Do Our Values Match?

Have you ever done an anticipation guide?  It’s a popular classroom activity but not one I remember doing back in the 90’s.

For this one, try to order the following items from most important to least important (1-7).

_____ Ending Slavery (there are about 46 million slaves today…mostly women and children)
_____ Eating Healthy Foods and Exercising
_____ Maintaining a Good Budget
_____ Spreading the Good News about Jesus
_____ Ensuring Proper Medical Care for All
_____ Loving Children, whether your own or those in foster care or orphanages
_____ Removing Harmful Chemicals from our Daily Life

What a list, right?  All of these items are important, and daily we place more value on one of them whether we realize it or not.  But do our actions match our opinions?

I would love to hear in the comments below, which item is number one on your list.  However, I am actually most interested in where “Maintaining a Good Budget” falls.

This may sound like a strange one to focus on, but where we spend our money often shows what we actually value.

For instance, the last shirt I bought for my husband was a $6 dress shirt from the clearance table at Kohl’s.  What a win for our budget!  But that fast fashion purchase means there are adults and children being exploited in labor fields and surrounded by toxic chemicals.  The minimal income puts their families at risk for poor nutrition, medical care, and even trafficking.  (If you would like to learn more, I highly suggest watching the trailer and/or the whole documentary of “True Cost.”)

On the other side, the last two purchases I bought for myself were a skirt from Elegantees and a pair of sandals from Sseko. Both of these companies are committed to giving workers fair wages.

On top of that, Elegantees employs worker who are trafficking victims from Nepal.  They have found dignity and a Grace-filled God from their work.  Sseko, on the other hand, is eliminating poverty before it begins by helping girls go to University.  With an income and an education, they are changing the face of Uganda.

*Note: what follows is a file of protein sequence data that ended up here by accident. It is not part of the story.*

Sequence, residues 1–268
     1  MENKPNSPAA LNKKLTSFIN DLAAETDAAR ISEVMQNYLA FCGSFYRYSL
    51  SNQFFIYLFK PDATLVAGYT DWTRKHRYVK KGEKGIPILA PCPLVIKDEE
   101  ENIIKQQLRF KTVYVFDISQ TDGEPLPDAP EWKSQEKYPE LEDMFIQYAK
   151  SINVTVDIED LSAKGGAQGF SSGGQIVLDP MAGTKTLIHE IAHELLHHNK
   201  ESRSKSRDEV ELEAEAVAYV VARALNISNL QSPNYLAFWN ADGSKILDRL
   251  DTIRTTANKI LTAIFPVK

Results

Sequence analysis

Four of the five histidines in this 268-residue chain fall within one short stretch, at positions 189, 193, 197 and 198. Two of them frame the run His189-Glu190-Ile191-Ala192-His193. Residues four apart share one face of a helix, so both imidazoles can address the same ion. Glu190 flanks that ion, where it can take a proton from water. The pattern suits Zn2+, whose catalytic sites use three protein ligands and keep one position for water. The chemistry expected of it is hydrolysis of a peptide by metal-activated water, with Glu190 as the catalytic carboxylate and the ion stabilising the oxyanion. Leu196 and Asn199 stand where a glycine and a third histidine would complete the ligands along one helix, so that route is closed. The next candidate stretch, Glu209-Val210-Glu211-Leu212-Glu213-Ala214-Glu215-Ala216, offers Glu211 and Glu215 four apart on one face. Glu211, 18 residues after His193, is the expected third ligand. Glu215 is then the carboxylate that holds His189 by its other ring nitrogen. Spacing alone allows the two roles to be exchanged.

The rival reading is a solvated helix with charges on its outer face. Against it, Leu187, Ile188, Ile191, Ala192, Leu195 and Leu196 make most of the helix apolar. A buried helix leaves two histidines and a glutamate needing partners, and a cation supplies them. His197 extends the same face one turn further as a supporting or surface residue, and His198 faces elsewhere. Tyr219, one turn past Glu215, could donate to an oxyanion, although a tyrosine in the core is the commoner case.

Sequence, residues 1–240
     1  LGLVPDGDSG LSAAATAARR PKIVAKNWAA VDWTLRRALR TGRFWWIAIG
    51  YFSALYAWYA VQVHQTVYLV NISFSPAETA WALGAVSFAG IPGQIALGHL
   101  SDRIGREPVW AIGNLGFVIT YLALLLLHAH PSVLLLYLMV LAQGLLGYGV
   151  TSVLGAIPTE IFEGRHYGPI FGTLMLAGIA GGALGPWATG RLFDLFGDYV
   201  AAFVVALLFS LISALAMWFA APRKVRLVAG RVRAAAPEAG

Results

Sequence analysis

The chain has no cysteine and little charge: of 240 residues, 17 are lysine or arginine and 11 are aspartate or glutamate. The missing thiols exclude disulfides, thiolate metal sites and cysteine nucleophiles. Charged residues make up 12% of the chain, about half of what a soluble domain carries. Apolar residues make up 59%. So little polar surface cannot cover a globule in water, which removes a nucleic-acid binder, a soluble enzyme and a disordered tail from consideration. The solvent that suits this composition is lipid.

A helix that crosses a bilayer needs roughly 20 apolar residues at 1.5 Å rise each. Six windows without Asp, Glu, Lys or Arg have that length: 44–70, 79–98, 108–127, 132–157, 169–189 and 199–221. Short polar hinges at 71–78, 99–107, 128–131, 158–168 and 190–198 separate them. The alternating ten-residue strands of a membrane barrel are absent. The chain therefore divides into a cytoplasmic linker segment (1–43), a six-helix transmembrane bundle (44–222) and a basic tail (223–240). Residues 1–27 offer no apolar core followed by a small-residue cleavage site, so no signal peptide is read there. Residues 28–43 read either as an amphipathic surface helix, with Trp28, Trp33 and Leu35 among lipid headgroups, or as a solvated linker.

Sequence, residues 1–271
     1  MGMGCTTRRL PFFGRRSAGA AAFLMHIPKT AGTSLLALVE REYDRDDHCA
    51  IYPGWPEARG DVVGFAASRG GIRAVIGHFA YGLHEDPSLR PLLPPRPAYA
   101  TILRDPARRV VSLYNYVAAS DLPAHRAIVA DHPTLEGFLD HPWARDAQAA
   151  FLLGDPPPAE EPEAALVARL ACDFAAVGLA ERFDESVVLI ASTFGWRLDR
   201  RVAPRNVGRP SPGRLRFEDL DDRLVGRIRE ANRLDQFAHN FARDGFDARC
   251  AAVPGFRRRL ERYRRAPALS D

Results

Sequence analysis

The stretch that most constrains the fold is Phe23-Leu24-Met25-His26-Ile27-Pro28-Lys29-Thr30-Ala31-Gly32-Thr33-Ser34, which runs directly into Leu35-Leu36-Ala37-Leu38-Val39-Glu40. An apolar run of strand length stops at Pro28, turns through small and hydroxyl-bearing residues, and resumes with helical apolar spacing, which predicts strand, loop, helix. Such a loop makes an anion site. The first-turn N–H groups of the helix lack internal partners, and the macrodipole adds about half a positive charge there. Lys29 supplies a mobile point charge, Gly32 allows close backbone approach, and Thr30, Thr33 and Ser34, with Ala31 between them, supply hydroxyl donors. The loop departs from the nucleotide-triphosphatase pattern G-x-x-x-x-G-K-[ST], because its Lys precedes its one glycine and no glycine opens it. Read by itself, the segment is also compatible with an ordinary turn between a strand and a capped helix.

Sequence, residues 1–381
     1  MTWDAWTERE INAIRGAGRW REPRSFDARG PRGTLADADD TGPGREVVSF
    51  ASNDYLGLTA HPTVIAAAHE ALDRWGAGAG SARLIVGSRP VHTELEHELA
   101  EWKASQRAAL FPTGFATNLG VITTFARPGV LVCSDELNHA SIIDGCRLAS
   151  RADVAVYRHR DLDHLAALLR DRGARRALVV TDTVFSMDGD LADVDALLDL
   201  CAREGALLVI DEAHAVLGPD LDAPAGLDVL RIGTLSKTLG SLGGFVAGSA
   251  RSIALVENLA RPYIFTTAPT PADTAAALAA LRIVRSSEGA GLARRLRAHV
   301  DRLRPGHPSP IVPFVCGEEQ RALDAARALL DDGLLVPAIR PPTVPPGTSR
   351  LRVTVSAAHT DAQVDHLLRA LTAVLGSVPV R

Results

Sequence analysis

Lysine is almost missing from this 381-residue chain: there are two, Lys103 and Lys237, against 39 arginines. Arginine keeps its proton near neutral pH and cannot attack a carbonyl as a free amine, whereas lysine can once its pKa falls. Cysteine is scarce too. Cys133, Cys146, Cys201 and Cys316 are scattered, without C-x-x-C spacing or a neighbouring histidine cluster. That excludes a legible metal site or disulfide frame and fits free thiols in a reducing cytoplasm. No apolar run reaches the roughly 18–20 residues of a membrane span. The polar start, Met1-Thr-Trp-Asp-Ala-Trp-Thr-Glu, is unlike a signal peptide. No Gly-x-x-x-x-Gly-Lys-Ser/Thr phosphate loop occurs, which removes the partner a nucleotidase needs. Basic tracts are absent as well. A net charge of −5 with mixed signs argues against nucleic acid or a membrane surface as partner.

And I got ALL of these purchases on sale.  Now, admittedly, my Kohl’s sale was more generous and budget friendly.  But what was the real cost?

Did you know that of the 50 million garment workers world-wide, only 5% make a living wage?

Ethical Fashion can change that.
It can end slavery. It can allow workers to have enough to eat and proper medical care.   It can protect children and provide education.  It can show that people who love Jesus, also love His children and refuse to turn a blind eye to their needs.

I hope to remember this list of all the things I think are important and act accordingly.

Small actions can change the world. 

Small purchases add up.

And while I am sure I will make more fast fashion purchases in the future, baby steps to change my spending habits and showcase my values are worth taking.  Will you join me?

25 Poppasome Tokens of Appreciation

5 Comments Add yours

  1. Danielle says:

    Thank you for sharing! So many good points on where our money goes and how small things can contribute to change.


  2. Jud says:

    Hey Amy, is there a good resource out there that rates responsible clothing manufacturers? I tend to buy clothes from L.L. Bean and Duluth Trading Company. I’m interested to see where they fall concerning these aspects of business.


    1. Amy Hawk says:

      There is an app called Good On You that is attempting to rate different companies. It has a big focus on environmental issues, whereas I tend to worry more about how the workers are treated. And if the information is not transparent, they often give a lower rating. I see the good and bad in that practice. But nevertheless, it is a great starting place for checking a wide variety of companies out.


  3. denisecason says:

    Thank you for these thought provoking words. I love how you share yourself so honestly. Another option for fair trade purchases is Timbali Crafts. A group of extraordinary women in Swaziland, Africa create and sell these crafts as a source of income for their families. When a lady begins, she is “sponsored” a hand cranked Singer sewing machine. When her items are sold a portion of this money goes to pay on the machine, a portion is put in savings and the rest paid to the woman as her monthly stipend. When the machine is paid in full it belongs to her. All of thee ladies volunteer at local care points and collectively feed over 2000 children every day. I’ve watched one woman as she walked three miles from her home to the care point with her sewing machine on her head, prepare a meal for 100+ children then sew the rest of the day in order to feed her family. They are adding new products including dog collars!! Visit the website:


    1. Amy Hawk says:

      There are so many extraordinary people in our world. Thank you for sharing about the ladies in Swaziland! And I love these micro loan programs.


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